Having been the RM for a recently completed SCSA Tier 3 match I got to answer a lot of questions, especially from folks who were not very familiar with SCSA rules. For competitors that are used to USPSA competition, there are some differences between the rules that can cause some confusion which can lead to a lot of questions. Let’s look at a few of the more common ones.
Q: “I saw a competitor shooting PCC while wearing a handgun. That’s a DQ for more than one gun, right?”
A: Steel Challenge rule 5.1.4 specifically allows this to be done. Remember that many of our competitors are shooting multiple divisions in the match so allowing them to wear a handgun while shooting a long gun is allowed for efficiency purposes. The handgun must not be loaded nor used while competing with the long gun.
Q: “The competitors want to take a sight picture from both boxes from Outer Limits. Is that allowed?”
A: Rule 188.8.131.52 specifically allows the movement after Make Ready, so yes. Other rules also can play in here. Read on.
Q: “Sight pictures between strings aren’t allowed, are they? Only once at the Make Ready…right?”
A: Rule 184.108.40.206 addresses sight pictures. Yes, they are allowed to take a sight picture as part of Make Ready and they are allowed to take a sight picture between strings. Of course, if a discharge occurs during a sight picture then they are disqualified.
Q: “The RO told me that I only have one minute to get ready after the Make Ready command has been issued. What if I want more time?”
A: Well, sorry but 220.127.116.11 also stipulates you only get one minute to make ready. That should be plenty of time. If not, you may need to review your make ready procedure and perform some aspects of it prior to entering the starting position.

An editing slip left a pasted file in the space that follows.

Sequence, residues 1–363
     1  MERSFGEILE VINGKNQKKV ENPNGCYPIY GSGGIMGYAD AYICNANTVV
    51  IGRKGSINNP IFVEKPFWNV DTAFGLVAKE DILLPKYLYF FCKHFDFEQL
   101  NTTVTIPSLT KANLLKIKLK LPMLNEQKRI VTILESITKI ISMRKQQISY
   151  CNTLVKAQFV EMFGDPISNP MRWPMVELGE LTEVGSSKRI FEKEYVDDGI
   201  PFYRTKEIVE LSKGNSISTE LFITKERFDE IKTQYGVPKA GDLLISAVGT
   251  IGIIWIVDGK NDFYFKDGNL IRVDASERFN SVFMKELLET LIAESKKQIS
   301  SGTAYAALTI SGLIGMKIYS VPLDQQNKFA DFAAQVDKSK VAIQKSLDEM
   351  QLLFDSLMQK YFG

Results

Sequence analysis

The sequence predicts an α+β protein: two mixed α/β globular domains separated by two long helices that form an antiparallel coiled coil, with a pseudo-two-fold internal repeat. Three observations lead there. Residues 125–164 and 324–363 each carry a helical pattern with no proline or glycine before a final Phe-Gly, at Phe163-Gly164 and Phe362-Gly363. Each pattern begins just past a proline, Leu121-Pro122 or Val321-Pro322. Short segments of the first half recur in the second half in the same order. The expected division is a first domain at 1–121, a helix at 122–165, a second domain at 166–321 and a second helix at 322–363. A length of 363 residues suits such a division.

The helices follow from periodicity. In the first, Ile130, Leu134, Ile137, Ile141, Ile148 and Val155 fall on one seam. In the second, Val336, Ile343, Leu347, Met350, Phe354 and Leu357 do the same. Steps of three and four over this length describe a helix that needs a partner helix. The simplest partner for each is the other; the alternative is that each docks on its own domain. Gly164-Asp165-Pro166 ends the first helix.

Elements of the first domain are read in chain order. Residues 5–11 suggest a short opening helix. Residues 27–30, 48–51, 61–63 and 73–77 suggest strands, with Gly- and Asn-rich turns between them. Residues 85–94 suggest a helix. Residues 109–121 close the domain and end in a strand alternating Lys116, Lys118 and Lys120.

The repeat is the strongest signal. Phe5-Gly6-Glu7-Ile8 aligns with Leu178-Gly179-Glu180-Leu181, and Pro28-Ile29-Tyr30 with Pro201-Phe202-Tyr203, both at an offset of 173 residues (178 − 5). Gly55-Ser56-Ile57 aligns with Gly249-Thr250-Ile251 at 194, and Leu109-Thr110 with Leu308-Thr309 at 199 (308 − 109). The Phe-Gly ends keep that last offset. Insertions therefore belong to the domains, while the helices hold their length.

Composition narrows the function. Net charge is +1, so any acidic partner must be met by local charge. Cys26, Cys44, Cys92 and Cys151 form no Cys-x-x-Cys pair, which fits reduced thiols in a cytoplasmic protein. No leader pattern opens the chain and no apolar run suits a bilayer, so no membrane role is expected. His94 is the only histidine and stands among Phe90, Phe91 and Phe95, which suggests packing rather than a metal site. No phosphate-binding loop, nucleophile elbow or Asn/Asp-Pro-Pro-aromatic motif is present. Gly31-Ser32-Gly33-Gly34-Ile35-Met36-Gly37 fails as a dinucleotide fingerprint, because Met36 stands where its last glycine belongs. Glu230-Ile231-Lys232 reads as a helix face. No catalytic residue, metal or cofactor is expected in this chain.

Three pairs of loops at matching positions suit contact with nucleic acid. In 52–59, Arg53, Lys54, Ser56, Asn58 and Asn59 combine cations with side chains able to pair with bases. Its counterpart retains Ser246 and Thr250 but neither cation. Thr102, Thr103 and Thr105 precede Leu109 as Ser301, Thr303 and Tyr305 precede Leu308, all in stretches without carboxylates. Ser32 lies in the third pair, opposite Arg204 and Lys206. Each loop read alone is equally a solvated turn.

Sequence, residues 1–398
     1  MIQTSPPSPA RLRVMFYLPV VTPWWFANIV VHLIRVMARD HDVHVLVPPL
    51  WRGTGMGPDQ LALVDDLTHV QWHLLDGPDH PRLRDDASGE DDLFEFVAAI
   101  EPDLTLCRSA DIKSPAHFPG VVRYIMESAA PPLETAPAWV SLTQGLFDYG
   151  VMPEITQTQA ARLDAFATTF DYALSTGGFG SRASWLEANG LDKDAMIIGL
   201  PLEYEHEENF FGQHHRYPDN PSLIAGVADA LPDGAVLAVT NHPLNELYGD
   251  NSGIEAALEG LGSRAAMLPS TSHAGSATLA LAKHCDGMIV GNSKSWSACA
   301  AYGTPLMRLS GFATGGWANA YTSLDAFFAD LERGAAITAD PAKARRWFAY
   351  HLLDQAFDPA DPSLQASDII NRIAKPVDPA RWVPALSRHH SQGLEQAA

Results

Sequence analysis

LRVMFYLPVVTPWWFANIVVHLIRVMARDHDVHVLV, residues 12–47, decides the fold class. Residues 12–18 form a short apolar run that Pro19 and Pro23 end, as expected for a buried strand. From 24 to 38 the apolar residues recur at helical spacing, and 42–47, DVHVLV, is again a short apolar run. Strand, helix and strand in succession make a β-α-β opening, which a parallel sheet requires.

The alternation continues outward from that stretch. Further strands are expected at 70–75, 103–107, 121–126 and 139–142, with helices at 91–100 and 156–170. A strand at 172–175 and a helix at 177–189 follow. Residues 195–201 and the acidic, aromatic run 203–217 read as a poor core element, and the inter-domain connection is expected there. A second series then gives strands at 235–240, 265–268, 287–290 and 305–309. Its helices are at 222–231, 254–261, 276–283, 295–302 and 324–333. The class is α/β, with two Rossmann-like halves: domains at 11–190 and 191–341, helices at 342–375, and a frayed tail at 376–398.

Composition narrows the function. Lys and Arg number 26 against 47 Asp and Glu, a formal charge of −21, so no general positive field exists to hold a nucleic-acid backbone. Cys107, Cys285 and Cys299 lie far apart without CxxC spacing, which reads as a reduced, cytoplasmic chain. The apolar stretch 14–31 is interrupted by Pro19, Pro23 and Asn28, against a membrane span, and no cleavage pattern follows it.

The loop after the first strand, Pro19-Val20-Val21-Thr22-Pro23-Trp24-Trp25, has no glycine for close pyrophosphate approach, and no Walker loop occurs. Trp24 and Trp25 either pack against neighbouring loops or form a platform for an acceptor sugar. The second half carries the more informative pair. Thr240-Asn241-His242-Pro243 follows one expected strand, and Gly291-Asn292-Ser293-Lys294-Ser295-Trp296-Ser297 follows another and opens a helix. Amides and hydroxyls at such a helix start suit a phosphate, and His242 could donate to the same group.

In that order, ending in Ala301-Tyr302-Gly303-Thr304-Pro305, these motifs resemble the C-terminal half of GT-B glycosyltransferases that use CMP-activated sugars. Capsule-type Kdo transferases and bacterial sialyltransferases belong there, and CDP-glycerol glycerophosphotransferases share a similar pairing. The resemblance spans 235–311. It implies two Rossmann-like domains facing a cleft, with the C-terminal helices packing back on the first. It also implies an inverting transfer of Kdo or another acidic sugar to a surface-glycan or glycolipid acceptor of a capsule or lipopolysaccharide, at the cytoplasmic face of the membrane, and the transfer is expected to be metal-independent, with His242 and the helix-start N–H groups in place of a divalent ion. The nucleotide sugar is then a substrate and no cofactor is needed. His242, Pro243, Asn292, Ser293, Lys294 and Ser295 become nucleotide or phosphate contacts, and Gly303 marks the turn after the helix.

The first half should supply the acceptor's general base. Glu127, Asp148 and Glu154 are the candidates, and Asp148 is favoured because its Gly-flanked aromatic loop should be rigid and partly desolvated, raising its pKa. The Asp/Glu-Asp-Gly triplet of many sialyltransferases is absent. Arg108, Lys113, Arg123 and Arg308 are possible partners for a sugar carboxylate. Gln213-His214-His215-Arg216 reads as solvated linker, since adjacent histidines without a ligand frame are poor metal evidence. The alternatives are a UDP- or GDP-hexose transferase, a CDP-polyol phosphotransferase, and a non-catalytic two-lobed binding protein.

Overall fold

Q: “Does the chamber flag have to be in the chamber or can it just block the bolt from fully closing?”
A: The chamber flag serves two purposes: First, it is a visual indicator that the firearm is unable to be fired and second, it blocks the bolt from full closing making it unable to fire. Our rules simply state that the bolt must be closed on a chamber flag. Ideally, it is best if the flag actually is in the chamber as this ensures the firearm is empty; but, especially with rimfire firearms it can be difficult for some competitors to get some flags into the chamber.
Q: “I have a round stuck in the chamber of my rimfire pistol and can’t get it out. What do I do?”
A: This is especially common with rimfire firearms but does happen with centerfire firearms. You are allowed by 5.3.9 to shoot the round out of the firearm into the berm following RO direction. ROs should ensure that the time has been recorded prior to the shot being fired. Once the round has been cleared, the RO will proceed with the normal range commands.
Q: “I am shooting two divisions at the Area Championship. Can I shoot them back-to-back?”
A: Sorry, but no. At Tier 2 and 3 (State/Section and Area Championships, typically) rule 5.6.3 comes into play and there must be at least one other competitor between your subsequent strings.
Q: “I heard I can shoot .380 in SCSA competition now. Is that true?”
A: Sure, provided you are shooting a match in Mexico. SCSA has recently added Mexico as a participant country and the Mexican government prohibits civilians from using “military calibers” of which .45 ACP and 9×19 (aka 9mm) are two. SCSA rules state that 9×19 is the minimum cartridge allowed. SCSA therefore gave special dispensation to Mexico to allow 9×17, or .380 auto, for SCSA competition in Mexico.
Q: “I saw a competitor shooting Carry Optics and his magazine pouches were way out of position. Move to Open, right?”
A: No move to Open here. Because SCSA competition isn’t about reloading on the clock we are not concerned with magazine pouch placement. Many competitors choose to remove their magazine pouches and just stage their magazines on the table or barrel at the shooting position and not use magazine pouches at all.
Q: “I noticed a competitor shooting Outer Limits from only the middle box. They said they only got a 4 second penalty per string but they shot two plates from the middle box that should have been shot from the weak side box. That should be two 3 second penalties plus the 4 second penalty, right?”
A: In the case where a competitor with a disability is given special dispensation by the Range Master to shoot only from the center box, they only get the 4 second penalty per 3.4, 7.4 and 7.4.1. Note that this must be arranged with the Range Master before shooting the stage. If no RM dispensation the shooter is assessed the 4 second failure to move penalty plus 3 seconds per plate engaged from the incorrect box.
I hope that these help answer some of your SCSA questions. Got more? Send them to [email protected] and we will be happy to help.